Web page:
Becoming a Holistic Leader
When we think about the qualities of an ideal leader, words like “decisive,” “charismatic,” “visionary”, and “resilient” may come to mind. So true, but Tarra Mitchell goes beyond the conventional terms and views leadership from a more holistic perspective. Here is her guest post on the Yoga of Leadership.
We don’t always consider how to maintain qualities like these. And by focusing on words and labels alone, the deeper responsibility of being a leader—in fact the very essence of the word ‘leader’ itself— becomes distorted, argues yoga teacher and financial services professional Tarra Mitchell in her new book, The Yoga of Leadership: A Practical Guide to Health, Happiness, and Inspiring Total Team Engagement (December 12, 2017). Often, the word ‘leadership’ is correlated simply with holding a position of power
In a more apt definition, leaders performing at an optimal level are awake, aware, and inspiring, Mitchell writes. They are resilient, have control of their mind and senses and can see life at a deeper level—thus inspiring their teams to strive for and reach their highest possible level of work. They also do their personal best to serve as positive examples—including by taking care of their physical health, cultivating mental strength and resilience, and operating with principle and purpose.
To help leaders achieve and maintain qualities essential to leadership success while fostering team engagement, Mitchell has designed a novel approach to leadership growth and development. Leveraging time-honored techniques from the traditional practice of yoga, the book explains how, by taking care of their holistic well-being, leaders are better able to:
- control emotions and manage stress,
- focus and concentrate,
- strengthen relationships, connection, and engagement,
- think more clearly and decisively, and
- make life-enhancing choices that improve overall well-being.
The book offers practical tools for connecting with each of the five interlocking dimensions, or layers, of holistic well-being according to yoga philosophy: physical, energy, mind, knowledge, and bliss.
“Connecting with each of the five layers enables leaders to show up at work happy, healthy, and vibrant, leading a team that loves working for them—and works with enthusiasm as a result. Leaders with great habits of health and well-being have the ability to penetrate the entire organization with an influence that is highly scalable. As you take care of yourself, you take care of your team,” Mitchell says.
Specific topics The Yoga of Leadership explores include:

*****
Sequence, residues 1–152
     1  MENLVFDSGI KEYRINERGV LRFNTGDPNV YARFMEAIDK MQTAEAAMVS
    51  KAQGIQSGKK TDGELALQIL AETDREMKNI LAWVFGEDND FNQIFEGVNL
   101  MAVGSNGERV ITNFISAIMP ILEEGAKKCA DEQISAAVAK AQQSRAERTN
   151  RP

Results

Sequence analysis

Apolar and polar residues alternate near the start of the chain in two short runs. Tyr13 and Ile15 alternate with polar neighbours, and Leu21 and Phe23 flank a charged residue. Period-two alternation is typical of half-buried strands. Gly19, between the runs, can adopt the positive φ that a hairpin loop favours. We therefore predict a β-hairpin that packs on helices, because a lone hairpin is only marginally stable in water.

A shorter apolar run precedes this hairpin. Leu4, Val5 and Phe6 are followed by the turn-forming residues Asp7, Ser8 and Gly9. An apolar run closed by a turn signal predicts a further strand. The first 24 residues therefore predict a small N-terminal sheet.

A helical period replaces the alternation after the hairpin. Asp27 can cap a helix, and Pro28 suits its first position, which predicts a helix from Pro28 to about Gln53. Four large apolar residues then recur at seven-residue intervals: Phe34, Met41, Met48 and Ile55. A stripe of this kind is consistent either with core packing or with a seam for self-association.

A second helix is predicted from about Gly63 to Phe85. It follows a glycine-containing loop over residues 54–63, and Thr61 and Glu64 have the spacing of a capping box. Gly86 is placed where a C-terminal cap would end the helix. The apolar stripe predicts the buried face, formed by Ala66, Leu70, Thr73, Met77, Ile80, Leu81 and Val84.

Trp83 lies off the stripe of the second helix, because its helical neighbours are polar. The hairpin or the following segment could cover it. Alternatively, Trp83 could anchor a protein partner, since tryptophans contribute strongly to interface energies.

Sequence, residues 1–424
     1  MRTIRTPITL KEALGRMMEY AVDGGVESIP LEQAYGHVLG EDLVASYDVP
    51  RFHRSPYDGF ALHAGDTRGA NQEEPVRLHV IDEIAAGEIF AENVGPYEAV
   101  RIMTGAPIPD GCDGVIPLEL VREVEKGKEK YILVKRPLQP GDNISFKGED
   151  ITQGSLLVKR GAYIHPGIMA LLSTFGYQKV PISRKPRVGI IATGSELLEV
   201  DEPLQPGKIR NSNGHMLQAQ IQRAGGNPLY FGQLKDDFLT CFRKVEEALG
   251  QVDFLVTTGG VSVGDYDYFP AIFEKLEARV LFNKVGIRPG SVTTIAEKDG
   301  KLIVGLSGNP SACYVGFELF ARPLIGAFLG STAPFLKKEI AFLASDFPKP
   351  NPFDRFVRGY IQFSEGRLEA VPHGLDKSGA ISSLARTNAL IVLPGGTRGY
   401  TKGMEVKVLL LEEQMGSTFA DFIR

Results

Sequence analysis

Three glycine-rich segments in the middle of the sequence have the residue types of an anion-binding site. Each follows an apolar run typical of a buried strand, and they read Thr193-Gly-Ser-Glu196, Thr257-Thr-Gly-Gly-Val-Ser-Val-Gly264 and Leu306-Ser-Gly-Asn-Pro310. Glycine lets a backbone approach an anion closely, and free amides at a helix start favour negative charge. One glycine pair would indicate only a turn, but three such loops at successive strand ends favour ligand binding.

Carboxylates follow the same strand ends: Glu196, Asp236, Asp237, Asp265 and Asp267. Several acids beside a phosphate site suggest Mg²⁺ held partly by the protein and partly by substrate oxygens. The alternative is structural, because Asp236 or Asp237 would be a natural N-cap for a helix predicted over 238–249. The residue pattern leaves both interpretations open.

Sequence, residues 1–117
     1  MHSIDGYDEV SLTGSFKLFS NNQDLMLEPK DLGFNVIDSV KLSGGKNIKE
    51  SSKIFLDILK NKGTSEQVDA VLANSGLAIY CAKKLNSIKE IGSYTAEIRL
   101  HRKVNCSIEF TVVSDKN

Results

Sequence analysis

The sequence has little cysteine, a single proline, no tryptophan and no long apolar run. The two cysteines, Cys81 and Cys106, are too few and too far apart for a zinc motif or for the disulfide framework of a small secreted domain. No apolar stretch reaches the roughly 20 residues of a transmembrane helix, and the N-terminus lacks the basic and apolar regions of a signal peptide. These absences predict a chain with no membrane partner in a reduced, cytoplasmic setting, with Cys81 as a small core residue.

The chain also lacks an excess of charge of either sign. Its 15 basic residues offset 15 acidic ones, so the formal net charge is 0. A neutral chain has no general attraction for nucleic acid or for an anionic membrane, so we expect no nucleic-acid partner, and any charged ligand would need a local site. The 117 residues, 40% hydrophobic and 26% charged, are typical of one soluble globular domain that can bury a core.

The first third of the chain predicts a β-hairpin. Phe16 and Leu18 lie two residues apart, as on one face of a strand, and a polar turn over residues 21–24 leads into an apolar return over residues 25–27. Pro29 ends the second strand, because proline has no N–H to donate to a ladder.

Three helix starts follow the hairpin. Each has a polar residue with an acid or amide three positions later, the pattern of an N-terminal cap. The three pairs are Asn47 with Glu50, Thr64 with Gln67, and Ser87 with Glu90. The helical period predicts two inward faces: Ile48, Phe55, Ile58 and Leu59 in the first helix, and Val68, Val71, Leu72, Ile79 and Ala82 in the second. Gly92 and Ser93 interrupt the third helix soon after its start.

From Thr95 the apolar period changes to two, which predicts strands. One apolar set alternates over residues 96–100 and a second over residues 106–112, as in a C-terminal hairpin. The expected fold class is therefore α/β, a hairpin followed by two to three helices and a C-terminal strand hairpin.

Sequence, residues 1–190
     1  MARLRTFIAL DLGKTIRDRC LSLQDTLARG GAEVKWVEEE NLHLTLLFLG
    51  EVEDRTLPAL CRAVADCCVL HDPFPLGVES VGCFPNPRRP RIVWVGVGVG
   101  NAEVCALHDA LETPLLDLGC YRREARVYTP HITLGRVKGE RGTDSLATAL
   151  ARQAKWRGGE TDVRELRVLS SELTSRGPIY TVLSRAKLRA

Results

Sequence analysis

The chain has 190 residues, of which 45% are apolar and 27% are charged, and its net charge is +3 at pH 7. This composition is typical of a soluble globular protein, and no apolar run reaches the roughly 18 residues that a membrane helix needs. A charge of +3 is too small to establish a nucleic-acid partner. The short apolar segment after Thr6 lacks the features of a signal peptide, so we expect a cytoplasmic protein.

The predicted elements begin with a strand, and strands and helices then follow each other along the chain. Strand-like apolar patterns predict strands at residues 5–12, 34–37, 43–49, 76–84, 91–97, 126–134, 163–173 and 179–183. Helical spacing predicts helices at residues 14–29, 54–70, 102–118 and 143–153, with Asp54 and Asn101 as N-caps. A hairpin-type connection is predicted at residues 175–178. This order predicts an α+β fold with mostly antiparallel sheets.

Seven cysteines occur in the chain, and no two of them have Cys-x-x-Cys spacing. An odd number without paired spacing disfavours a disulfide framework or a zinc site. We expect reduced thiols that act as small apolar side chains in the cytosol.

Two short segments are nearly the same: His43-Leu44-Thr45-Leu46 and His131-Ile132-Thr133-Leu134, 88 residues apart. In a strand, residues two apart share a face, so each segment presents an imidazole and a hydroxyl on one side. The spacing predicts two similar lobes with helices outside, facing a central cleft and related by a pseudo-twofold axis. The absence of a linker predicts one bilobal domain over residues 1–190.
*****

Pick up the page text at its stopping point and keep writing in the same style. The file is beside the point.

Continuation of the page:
- A balanced approach to taking care of physical health, leading to vitality, stamina, and resilience.
- The five mental obstacles to growth according to yoga philosophy and how to overcome them.
- Ways to develop equanimity in work and in life.
- How to cultivate discernment and an open mind by moving from reaction to response.
- Learning to lead through principle and fostering a principled workplace environment.
- Discovering how to operate with more self-awareness and emotional control.
“Personal well-being is not only principle centric, but also a leading indicator of success at work and in life. When the rubber meets the road and we have to perform as leaders, it all needs to be in check,” Mitchell says.
Mitchell’s book has earned high praise from respectable leaders. John Mackey, Co-Founder and CEO, Whole Foods Market, has said:
“The Yoga of Leadership is an informative and thought-provoking complement to books on leadership. Oriented toward individual transformation, Tarra Mitchell shares a morally deep and timely message empowering leaders to raise consciousness through what she calls holistic wellbeing. With the integrity of an insider, she intelligently weaves together the elements necessary to become inspiring leaders in today's fast-paced work environment and offers a convincing case leveraging ancient wisdom, science, and stories. This book has profound implications for how we manage our days, weeks, teams, and organizations.”
I want to thank Tarra for allowing me to post this piece about her philosophy of leadership and advice for would-be-leaders. The thing a like about her work more than anything else is she addresses ethics issues in the course of defining what leadership can be and how to strengthen workplace ethics.
Guest blog posted by Steven Mintz, aka Ethics Sage, on December 5, 2017. Dr. Mintz is a Professor Emeritus from Cal Poly San Luis Obispo. Visit his website to find out more about his services and sign up for his newsletter.